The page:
The Cantabrian mountains in Spanish province of Asturias is home to a large population of wolves – about 200 to 250 individuals . There, livestock herding and wolves have coexisted since always. A large proportion of wolf diet in the past depended on livestock that died on the pastures and was left there. This was crucial for the successful coexistence between wolves and humans in the area. In other parts of Spain without livestock herding in the high mountains, it was much harder for wolves to survive as the levels of conflict were higher.
Please also read: Livestock herding in the Asturian Mountains, Spain
In 2004, the European Union banned leaving the carcasses of domestic animals on pastures. Instead, the carrion had to be driven away and burnt. This significantly reduced the amount of food available for the wolves, as 30 000 domestic animals die from natural causes each year, and now need to be removed from the rural areas. Wolves and bears ate 82.35% of all carcasses left in the bush. However, also other animals, such as vultures, depended strongly on this food source. Scientific studies by the University of Santiago de Compostella have shown that this elimination of carrion in nature modified the behaviour of wolves. As a consequence, they now attack domestic livestock.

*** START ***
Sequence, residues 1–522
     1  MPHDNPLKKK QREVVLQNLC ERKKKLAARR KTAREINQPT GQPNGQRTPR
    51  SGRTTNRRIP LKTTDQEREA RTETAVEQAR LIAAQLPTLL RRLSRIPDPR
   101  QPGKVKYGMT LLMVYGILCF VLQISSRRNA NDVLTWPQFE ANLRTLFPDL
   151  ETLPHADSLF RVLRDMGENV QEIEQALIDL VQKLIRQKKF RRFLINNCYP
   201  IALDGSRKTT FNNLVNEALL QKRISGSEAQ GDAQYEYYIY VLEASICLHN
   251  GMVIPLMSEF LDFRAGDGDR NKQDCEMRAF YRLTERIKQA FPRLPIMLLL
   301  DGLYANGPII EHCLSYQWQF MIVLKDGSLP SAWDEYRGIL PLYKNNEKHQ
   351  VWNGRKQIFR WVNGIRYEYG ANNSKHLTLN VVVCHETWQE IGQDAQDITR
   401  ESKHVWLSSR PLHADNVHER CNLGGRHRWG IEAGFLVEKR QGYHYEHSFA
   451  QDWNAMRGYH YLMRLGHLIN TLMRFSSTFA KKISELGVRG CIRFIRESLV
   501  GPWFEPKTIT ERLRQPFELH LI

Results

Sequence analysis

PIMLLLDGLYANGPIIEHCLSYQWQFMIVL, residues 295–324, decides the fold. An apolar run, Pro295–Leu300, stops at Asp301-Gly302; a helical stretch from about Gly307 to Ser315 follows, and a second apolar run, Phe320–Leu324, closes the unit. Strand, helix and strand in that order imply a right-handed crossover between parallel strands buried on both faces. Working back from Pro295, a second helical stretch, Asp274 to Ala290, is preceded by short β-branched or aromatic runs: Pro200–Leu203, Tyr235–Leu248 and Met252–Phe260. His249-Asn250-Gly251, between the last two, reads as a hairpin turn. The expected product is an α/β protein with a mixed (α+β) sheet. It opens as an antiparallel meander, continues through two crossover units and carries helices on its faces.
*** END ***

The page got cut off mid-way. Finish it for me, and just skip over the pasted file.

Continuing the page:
Conflict on the rise
This led to a political conflict with the wolf, where farmers demand wolf killing. As a consequence, Regional Governments yield to the pressure exerted by the unions and ranchers. It is difficult to accurately estimate the number of killed wolves each year due to poaching and lack of official control. However, most likely the number is somewhere between 100 to 150 in Cantabrian mountains alone.
Yet, despite all the killing, the attacks on livestock have not diminished. Hunting changes the structure of the wolf pack, especially if the dominant animals die. As a consequence, they disperse more, live in smaller packs and attack easier prey, in this case livestock.
A Spanish organisation FAPAS has been working on this issues for over 15 years. They have finally achieved a change in law, allowing leaving carcasses in the mountains again. However, there is still an unstructured population of wolves, causing more damage. In addition, the public opinion of the past 15 years that wolves are man’s great enemies, persists.